Active Learning Approaches and Ideas
MIT OpenCourseWare: The OCW Educator project offers a series of videos on active learning featuring Janet Rankin, the Interim Director of the MIT Teaching and Learning Laboratory and her course "Teaching College-Level Science and Engineering." She provides an overview of active learning and then, in each subsequent video, describes an active learning strategy and offers advice for instructors implementing the strategy for the first time. Many of the videos include classroom footage of the strategy in action.
Externally-collaborative, Project-based, Interdisciplinary Curricula for Learning (EPIC Learning): EPIC Learning is an active learning method that "closely mirrors what goes on in real workplaces across the country." It is an initiative of the Wentworth Institute of Technology. The site provides ideas and suggestions from real courses that have used the EPIC Learning approach.
These documents, put together by Mount Wachusett Community College, provide the basic steps for generic several active learning strategies, like jigsaw or think-pair-share. They also offer valuable information on other activities that ABLConnect doesn't cover, like the "Wagon Wheel" and "Fishbowl," among others. Check out their excellent guide to Active Learning Strategies and Collaborative Group Work Protocol for valuable suggestions on how to implement active learning in your class.
Polling and "Clickers":
Learning Catalytics: Interactive classroom management tool. Access students on their smart phones and laptops in real time, using open ended or structured questions with text, numerical, or graphic responses to probe student understanding. Think next generation clicker system. Free for Harvard classes.
Qualtrics: Online survey system. Easily design and field surveys for your class, inside our outside the classroom. Lots of features for embedding media and randomization. Immediately see class data graphics or download data for analysis. Free to HBS and FAS faculty/students/administrators.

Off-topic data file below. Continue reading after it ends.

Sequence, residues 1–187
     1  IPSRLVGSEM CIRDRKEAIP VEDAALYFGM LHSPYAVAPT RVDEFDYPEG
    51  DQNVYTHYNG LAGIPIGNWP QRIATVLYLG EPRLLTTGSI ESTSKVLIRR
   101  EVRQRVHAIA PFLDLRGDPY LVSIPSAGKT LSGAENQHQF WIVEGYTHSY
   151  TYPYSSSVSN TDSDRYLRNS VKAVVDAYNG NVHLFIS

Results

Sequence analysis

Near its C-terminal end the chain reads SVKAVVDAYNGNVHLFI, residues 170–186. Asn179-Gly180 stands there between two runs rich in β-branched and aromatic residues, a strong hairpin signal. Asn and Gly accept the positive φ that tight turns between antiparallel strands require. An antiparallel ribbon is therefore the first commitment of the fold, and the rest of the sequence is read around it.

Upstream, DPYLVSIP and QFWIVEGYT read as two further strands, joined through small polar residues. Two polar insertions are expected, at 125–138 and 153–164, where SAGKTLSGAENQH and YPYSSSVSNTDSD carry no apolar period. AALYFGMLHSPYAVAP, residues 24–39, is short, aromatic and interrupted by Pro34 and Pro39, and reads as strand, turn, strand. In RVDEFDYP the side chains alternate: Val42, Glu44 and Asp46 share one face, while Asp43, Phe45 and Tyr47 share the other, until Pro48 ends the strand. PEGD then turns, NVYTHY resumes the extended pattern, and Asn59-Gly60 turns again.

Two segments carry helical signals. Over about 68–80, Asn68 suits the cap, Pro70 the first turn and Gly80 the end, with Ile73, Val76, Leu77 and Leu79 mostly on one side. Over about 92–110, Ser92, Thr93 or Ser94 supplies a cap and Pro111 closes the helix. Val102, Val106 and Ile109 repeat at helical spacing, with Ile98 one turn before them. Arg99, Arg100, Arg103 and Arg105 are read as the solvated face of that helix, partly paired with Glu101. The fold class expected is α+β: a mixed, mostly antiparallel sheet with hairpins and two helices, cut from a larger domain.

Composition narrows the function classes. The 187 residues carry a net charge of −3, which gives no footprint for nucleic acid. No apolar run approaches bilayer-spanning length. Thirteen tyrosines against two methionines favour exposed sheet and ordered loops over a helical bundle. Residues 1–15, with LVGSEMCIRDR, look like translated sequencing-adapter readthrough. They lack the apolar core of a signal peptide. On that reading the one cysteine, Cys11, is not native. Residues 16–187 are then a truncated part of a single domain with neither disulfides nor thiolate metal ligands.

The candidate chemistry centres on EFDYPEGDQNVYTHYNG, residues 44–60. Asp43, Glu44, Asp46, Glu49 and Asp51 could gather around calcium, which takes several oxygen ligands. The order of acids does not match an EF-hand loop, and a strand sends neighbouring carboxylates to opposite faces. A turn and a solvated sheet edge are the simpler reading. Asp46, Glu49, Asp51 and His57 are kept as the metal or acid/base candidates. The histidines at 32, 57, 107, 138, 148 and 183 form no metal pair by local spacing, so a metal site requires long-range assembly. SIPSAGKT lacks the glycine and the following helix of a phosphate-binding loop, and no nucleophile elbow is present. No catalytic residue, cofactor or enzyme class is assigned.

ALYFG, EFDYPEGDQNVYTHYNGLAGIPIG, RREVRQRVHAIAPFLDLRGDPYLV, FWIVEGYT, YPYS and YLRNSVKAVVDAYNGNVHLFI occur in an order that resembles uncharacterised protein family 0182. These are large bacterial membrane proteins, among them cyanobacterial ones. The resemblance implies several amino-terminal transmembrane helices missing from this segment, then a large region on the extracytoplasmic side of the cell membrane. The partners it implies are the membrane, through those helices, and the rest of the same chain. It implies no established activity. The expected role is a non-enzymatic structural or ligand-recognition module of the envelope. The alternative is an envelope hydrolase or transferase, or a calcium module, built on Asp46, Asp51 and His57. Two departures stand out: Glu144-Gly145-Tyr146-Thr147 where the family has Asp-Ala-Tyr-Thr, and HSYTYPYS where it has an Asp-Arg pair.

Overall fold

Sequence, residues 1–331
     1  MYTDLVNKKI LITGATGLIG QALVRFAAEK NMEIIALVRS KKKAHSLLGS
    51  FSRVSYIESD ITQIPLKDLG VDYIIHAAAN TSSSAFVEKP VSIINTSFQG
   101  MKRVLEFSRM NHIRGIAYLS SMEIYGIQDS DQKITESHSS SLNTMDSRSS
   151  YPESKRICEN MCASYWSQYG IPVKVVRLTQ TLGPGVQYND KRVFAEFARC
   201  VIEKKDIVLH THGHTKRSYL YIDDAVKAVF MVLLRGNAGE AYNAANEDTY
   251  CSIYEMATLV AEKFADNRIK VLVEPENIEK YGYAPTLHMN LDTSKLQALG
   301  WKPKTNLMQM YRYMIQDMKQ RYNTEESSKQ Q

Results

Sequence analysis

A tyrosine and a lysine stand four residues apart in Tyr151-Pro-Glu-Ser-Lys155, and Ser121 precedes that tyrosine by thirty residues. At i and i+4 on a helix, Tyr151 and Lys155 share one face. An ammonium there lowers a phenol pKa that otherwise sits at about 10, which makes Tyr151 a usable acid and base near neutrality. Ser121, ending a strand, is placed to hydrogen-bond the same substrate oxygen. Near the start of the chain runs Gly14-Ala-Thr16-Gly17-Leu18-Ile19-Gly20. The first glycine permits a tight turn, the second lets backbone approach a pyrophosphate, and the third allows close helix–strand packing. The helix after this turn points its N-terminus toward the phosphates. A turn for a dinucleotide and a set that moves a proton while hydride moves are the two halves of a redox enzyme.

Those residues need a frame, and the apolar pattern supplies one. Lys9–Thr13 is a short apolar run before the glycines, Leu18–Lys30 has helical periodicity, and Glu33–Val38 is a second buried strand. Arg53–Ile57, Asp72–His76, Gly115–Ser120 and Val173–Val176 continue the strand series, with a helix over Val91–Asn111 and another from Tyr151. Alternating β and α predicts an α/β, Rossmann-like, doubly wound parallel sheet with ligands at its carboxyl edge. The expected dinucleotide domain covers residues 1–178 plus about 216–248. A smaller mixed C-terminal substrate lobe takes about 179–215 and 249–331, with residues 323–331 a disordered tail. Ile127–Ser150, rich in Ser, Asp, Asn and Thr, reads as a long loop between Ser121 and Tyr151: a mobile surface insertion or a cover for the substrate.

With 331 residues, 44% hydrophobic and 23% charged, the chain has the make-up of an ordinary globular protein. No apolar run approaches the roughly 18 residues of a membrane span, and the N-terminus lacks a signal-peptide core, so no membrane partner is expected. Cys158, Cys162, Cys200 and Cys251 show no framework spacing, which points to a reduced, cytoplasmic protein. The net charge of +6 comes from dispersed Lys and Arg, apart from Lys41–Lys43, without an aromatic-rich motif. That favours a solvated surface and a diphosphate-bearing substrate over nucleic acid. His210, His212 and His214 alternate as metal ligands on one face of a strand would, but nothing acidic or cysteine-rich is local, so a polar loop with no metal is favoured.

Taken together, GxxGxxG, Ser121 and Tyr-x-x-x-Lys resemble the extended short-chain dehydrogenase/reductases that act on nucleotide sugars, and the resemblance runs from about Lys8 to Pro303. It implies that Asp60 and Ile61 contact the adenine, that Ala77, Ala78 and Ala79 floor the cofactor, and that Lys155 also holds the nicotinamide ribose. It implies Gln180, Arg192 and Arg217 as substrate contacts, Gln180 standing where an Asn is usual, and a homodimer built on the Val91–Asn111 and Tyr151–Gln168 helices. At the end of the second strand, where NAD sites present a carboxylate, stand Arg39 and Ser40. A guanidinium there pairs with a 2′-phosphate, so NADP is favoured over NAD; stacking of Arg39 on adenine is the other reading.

Poll Everywhere: Similar to Learning Catalytics. Gather live responses to discussion questions, create quizzes, or poll the class. See results immediately and put them in your powerpoints. Can be used with Twitter for live twitter feeds during class. Free for classes of 40 people or less.
TurningPoint: Polling technology offered in collaboration with the Harvard Academic Technology Group (ATG). Students can register for free to use their browser or phone or can purchase a clicker. Free for instructors. Contact ATG.
Socrative: Polling technology that also includes games, "exit tickets," and other types of questions. Can be used with a smart phone, laptop, or table. Emails grade reports to the instructor. Free.
AskUp: AskUp is a flashcard app that students can use to aid in remembering facts and concepts. It helps students make sense and remember material they learn in class, at home, or in the hospital. It uses evidence-based principles to improve learning.
Answering Student Questions:
NB: Text annotation tool. Upload pdfs and have your students jot notes in the margins and respond to each other's comments and questions. Students can choose to have the entire class see their notes, just the staff, or nobody. NB is an MIT initiative and is free for Harvard instructors.
Piazza: Easy to use web forum that allows instructors and classmates to answer each other's questions. Questions can be tagged, and answers can be edited in a "wiki"-like manner. Instructors can endorse answers, mark when a discussion has been resolved, and can tract participation. Free.
Presentations and Concepts:
MindMeister: "Mind Mapping" website. Create collaborative concept maps. Allows two or more users to work on a map at the same time. Users can add images. Saves the history of the map, so the user can see how the map developed. Maps can be exported into pdfs. Free.
Prezi: Interactive presentation tool. Creates powerpoint-like presentations that are more dynamic and visually appealing. The pieces of the presentation create a unified whole that the user can view by zooming out. Embed videos and animation. Free to use basic features.
Picturing to Learn: A science program devoted to the idea that drawings of concepts can reveal misconceptions. Includes a database of 3,000 analyzed drawings and their related prompts from undergraduate science classes. Free.
EduClip: Enables site visitors to search video collections of thought leaders and world-class practitioners for content on a wide variety of topics. Sentences on particular topics are highlighted and quickly accessible to teachers and learners.
dotSUB: Online database with subtitled videos. Upload, watch, translate, and add subtitles to videos in any language. Great for language classes.
Critical Commons: Free online tool for media-based teaching. The user can view, tag, share, and annotate media. Provides clips a la YouTube but organized around academic concepts. Also provides information on fair use and copyright reform.
Games and Simulations:
EconVision: Web based platform for interactive game experiments and simulations. Students play structured games against each other in class or out of class. In real time or asynchronously. Free for Harvard classes.
For other technology links, check out Harvard's Technology for Teaching, Learning & Research website.